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History of Long Beach, California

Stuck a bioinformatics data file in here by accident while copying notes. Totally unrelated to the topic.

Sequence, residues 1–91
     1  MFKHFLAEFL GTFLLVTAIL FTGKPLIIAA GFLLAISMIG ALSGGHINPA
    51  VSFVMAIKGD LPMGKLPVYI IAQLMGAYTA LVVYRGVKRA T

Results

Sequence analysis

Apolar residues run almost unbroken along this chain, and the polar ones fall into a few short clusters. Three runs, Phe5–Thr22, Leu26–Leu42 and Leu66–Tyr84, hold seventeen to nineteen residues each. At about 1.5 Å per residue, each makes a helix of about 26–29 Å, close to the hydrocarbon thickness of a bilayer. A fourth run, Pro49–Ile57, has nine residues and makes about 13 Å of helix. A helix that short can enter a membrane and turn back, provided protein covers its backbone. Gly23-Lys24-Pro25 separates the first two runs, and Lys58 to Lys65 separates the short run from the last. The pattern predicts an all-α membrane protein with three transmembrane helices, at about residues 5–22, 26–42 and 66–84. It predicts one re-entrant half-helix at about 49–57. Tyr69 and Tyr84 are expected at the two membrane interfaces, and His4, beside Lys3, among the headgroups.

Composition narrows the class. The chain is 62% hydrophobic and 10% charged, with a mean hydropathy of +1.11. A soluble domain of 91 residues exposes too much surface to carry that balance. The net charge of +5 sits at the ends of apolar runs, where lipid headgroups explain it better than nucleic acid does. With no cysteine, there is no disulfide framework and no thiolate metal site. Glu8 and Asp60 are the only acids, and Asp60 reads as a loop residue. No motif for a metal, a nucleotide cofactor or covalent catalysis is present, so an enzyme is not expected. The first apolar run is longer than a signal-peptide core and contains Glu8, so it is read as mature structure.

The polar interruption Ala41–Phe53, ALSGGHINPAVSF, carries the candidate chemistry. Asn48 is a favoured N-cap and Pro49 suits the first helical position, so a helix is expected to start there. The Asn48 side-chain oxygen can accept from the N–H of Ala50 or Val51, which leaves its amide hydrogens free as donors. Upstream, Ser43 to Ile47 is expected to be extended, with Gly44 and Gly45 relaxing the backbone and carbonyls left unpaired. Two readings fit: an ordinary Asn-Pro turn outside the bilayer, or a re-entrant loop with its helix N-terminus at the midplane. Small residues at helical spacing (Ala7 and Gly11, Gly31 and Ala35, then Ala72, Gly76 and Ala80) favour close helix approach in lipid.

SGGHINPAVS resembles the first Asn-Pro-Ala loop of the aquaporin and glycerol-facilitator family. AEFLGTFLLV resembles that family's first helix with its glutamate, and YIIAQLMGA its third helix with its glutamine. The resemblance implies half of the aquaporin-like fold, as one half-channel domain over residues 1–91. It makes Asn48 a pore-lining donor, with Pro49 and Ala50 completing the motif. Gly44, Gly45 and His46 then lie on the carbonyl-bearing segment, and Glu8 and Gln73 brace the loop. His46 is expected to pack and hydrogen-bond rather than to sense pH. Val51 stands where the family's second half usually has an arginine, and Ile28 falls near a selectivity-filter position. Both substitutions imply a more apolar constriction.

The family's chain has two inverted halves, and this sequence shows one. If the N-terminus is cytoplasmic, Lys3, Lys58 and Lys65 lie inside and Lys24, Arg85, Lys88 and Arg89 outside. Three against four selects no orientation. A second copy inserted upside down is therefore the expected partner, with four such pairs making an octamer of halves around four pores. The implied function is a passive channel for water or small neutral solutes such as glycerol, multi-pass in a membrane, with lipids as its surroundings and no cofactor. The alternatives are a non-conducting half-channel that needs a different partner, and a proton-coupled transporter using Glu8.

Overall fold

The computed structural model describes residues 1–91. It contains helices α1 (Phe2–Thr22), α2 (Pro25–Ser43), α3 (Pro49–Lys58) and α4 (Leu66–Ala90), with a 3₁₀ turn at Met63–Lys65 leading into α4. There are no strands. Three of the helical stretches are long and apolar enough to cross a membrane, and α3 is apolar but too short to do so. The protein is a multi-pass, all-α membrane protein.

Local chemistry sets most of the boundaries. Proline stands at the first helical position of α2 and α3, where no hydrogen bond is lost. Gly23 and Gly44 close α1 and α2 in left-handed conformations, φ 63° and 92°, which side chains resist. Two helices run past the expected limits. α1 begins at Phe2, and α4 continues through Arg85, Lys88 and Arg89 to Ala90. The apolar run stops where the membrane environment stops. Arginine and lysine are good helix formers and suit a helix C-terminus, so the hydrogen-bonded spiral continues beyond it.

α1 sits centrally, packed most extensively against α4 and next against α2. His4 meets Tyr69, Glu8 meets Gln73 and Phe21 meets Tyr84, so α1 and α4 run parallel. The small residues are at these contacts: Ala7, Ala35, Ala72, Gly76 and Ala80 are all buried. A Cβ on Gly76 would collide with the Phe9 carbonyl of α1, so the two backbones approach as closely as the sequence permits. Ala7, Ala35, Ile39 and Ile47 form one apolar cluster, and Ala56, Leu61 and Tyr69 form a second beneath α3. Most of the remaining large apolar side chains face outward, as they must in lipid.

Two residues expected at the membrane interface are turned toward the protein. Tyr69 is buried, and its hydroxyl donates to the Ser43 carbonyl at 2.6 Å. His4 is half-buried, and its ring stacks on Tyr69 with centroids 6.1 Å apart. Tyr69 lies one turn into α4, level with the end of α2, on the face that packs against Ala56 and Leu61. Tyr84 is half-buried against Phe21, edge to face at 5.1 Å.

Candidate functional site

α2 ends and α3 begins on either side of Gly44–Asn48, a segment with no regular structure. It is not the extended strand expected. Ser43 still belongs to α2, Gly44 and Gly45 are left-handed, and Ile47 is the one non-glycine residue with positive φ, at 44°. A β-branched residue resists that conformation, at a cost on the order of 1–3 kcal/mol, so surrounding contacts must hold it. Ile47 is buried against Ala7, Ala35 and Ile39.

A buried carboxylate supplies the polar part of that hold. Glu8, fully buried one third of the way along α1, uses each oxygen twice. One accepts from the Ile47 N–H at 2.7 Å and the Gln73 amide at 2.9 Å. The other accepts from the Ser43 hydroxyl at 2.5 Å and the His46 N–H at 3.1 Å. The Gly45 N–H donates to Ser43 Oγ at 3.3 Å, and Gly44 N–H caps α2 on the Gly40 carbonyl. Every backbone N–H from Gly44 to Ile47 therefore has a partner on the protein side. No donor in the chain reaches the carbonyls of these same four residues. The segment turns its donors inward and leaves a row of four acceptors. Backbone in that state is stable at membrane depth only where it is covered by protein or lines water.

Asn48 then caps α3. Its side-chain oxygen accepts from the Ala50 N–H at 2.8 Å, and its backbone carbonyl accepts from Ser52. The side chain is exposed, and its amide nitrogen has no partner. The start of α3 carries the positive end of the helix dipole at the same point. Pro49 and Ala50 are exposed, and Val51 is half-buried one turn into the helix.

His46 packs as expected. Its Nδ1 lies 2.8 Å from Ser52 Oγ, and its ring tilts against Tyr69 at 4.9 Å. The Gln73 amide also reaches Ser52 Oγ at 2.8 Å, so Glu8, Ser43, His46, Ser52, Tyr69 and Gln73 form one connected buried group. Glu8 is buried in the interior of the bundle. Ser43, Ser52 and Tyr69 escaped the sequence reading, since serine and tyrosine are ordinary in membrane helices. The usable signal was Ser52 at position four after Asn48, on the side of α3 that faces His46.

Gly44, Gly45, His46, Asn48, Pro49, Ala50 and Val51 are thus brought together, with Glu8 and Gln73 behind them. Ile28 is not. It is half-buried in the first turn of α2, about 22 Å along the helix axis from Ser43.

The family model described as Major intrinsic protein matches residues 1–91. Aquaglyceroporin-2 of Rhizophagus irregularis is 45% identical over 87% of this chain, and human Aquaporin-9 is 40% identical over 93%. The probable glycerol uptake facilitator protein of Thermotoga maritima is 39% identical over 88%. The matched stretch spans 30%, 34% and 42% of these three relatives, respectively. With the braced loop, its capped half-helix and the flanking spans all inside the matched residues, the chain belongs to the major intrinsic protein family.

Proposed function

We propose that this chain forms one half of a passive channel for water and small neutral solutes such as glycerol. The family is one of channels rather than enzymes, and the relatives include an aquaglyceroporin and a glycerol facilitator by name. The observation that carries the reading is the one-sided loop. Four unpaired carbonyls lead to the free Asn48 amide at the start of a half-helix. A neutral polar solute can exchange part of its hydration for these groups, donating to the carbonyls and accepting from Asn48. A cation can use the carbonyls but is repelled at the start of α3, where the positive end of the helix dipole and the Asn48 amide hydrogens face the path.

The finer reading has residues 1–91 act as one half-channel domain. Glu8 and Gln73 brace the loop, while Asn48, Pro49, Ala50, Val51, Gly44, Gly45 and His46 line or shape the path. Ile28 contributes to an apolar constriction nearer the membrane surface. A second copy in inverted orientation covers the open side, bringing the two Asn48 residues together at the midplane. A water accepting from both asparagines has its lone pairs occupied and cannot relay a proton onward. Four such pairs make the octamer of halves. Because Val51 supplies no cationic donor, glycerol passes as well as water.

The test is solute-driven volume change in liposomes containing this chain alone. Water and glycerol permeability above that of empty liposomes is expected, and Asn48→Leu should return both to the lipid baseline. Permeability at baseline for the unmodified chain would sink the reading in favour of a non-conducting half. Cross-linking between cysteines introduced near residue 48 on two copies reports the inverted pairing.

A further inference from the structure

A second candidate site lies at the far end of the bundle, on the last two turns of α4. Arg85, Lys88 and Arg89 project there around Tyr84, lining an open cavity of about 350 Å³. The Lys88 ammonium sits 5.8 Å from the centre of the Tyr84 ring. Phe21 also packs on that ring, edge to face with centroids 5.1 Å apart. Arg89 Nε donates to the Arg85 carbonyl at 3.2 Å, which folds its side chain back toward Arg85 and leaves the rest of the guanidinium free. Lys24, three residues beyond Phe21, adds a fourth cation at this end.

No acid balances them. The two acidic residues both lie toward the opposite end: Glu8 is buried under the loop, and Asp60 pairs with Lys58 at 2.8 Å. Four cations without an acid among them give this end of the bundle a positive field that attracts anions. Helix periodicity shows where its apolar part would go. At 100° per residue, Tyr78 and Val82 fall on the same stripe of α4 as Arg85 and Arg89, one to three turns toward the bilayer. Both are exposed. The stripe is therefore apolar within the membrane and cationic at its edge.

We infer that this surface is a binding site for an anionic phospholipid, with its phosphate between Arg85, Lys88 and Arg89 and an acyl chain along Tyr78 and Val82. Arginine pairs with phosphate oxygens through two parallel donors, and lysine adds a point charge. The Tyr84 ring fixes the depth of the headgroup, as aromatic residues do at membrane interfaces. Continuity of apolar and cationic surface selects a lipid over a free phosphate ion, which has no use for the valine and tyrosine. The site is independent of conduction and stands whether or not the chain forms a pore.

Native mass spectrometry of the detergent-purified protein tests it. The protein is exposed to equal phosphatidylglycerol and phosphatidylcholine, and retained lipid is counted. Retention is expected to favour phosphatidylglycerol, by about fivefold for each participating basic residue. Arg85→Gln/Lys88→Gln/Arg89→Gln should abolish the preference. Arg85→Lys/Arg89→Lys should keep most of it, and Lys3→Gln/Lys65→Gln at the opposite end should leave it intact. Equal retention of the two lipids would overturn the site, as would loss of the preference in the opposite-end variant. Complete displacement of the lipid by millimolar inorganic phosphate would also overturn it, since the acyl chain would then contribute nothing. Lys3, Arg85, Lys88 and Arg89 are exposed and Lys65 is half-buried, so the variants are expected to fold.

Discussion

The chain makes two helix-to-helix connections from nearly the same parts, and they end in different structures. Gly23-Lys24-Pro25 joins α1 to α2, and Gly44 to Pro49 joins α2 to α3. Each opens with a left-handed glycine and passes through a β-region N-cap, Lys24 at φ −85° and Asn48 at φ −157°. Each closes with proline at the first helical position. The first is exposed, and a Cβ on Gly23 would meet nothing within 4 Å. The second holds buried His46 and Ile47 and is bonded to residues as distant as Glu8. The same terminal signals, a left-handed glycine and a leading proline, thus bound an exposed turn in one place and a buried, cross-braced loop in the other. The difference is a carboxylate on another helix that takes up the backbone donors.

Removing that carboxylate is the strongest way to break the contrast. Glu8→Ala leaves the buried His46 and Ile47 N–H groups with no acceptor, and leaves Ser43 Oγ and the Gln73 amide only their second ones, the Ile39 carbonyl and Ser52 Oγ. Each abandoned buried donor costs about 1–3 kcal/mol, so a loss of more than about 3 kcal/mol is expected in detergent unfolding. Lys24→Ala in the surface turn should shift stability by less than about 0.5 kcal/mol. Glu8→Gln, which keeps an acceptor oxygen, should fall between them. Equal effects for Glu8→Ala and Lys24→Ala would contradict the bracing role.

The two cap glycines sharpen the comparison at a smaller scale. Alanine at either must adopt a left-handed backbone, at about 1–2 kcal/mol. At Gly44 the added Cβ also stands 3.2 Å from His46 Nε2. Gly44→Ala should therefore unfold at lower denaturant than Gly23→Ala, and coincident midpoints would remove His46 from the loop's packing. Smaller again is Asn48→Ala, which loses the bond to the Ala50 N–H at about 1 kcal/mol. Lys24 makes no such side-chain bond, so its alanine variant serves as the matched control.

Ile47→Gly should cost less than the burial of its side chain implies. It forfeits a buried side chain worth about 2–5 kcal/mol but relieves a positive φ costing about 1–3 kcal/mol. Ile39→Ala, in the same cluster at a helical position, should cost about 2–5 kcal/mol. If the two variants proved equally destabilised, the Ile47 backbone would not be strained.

Long Beach is home to magnificent beaches that stretch as far as the eye can see. It is thought that this California area was once inhabited by the Shoshoni Indians. In 1784, the first white settler, Manuel Nieto, made his way along the California coast after receiving a land grant. He was the first white man who was recorded to have inhabited the land of Long Beach. The next group of settlers came to the area 100 years later. They were investors who had a vision for the area and named it Long Beach. It was a fitting name because the beach stretches for seven miles. Nearly 10 years later, in 1897, the town was incorporated as a city. Long Beach flourished as more people were attracted to the area. The city developed as a resort because of the amazing views from almost everywhere one goes, luring settlers from all over the country. To the good fortune of the people who settled the area for the view, oil was found in 1921. The deposits proved to be an excellent and extremely large source. Those rich oil deposits became the largest industry the city has ever seen. Long Beach is home to many educational institutions, including California State University - Long Beach, Long Beach City College, and numerous other local schools that have been in existence for many years. Long Beach also has some interesting places to visit, including the Long Beach Pacific Terrace, the Long Beach Convention and Entertainment Center, Long Beach Museum of Art, the Long Beach Civic Center, and the Long Beach Museum of Art. Some of the more famous places to visit, while in the Long Beach area, include the retired ocean liner Queen Mary, docked in the city's harbor, the Toyota Grand Prix of Long Beach, an annual event; and the three 19th-century adobe ranch houses El Dorado Nature Center, Rancho Los Alamitos, and Rancho Los Cerritos.